A survey released this month by the Cologne Institute for Economic Research finds Americans are much less concerned about income inequality than Europeans.
Despite similar perceptions about the distribution of income as the Germans and French, only 30 percent of Americans believe “differences in income in [their country] are too large” versus 50 percent of the Germans and 70 percent of the French.
Why might Americans be much less concerned about inequality? Perhaps, middle and working class Americans recognize they have benefited from the outsized success of America’s 1 percent. The demand created by that success has grown employment more than twice as much as in France and Germany—a 50 percent increase in employment since 1980. This has put upward pressure on wages despite downward pressure from immigration and open trade.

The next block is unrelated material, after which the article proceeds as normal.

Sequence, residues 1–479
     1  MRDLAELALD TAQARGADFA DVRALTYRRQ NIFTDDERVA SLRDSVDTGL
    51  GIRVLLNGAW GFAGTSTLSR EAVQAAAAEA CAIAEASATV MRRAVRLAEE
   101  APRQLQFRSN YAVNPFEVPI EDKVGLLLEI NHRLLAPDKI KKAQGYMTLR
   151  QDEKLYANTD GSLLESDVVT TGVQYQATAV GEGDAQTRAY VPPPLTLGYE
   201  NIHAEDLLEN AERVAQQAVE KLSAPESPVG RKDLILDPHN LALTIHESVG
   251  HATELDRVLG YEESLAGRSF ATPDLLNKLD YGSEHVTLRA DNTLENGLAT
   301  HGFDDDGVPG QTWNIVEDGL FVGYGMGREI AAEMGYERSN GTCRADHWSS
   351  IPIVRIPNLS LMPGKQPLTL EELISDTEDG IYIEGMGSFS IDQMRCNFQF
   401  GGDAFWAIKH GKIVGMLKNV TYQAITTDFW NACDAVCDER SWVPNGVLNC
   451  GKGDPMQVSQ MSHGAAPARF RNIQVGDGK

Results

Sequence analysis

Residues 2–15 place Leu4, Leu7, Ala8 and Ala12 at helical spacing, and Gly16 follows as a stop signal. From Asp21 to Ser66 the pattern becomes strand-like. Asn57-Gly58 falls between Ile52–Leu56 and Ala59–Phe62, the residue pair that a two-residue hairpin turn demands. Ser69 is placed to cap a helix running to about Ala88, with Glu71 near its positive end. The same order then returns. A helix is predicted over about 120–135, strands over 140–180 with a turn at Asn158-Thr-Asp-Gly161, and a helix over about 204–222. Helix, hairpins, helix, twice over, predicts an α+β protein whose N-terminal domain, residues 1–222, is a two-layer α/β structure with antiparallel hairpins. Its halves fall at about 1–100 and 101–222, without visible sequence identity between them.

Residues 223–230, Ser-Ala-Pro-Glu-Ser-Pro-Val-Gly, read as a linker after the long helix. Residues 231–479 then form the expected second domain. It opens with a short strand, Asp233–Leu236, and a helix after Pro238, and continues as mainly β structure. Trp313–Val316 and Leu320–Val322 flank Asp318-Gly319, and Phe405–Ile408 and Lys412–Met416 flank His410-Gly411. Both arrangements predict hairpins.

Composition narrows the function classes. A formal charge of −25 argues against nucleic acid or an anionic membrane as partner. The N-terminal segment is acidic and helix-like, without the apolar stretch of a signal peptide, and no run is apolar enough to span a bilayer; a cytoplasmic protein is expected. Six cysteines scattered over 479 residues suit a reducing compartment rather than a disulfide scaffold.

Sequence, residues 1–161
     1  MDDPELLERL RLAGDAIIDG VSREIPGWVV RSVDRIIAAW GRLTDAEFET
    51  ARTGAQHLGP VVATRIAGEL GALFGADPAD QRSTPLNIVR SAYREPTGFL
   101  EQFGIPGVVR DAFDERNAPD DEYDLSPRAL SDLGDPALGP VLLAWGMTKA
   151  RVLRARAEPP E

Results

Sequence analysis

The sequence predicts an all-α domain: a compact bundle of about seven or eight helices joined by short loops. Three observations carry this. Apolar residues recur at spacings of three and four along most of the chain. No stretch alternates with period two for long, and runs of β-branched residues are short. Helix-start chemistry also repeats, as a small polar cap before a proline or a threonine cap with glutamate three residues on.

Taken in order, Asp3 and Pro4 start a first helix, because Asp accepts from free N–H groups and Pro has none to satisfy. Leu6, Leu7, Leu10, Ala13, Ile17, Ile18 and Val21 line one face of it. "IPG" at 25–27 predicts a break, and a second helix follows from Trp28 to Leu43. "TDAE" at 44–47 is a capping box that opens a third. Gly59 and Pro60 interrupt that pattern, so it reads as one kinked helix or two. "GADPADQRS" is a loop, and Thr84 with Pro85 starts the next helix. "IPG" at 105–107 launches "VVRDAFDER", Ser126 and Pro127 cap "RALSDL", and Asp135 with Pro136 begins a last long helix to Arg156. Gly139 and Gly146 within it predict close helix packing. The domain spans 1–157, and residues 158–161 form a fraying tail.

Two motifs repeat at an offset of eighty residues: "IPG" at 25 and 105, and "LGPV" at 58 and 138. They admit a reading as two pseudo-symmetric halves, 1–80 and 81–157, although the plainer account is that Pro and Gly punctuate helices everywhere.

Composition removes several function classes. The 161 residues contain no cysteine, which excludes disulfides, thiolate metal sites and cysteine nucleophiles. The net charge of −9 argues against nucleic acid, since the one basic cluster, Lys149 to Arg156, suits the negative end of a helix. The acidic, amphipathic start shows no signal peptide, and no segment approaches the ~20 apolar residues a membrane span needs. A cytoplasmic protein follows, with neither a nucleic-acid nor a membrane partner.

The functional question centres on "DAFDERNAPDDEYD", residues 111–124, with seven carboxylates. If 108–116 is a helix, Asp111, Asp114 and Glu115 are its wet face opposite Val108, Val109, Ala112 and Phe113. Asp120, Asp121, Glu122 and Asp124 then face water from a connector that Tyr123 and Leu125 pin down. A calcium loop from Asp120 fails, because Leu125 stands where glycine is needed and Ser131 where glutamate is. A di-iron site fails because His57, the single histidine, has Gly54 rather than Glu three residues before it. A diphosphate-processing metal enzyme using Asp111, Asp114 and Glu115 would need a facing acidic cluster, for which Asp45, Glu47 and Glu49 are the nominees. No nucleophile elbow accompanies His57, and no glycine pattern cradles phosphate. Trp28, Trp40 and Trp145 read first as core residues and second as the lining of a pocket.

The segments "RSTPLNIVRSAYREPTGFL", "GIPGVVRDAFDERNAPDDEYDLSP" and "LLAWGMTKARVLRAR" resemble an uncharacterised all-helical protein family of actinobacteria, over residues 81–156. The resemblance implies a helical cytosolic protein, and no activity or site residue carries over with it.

According to OECD estimates, U.S. median family disposable incomes (i.e., after healthcare expenditures) are 30 percent more than Germany and France. A more conservative estimate suggests median U.S. disposable income is 15 percent higher than Germany and 25 percent higher than France.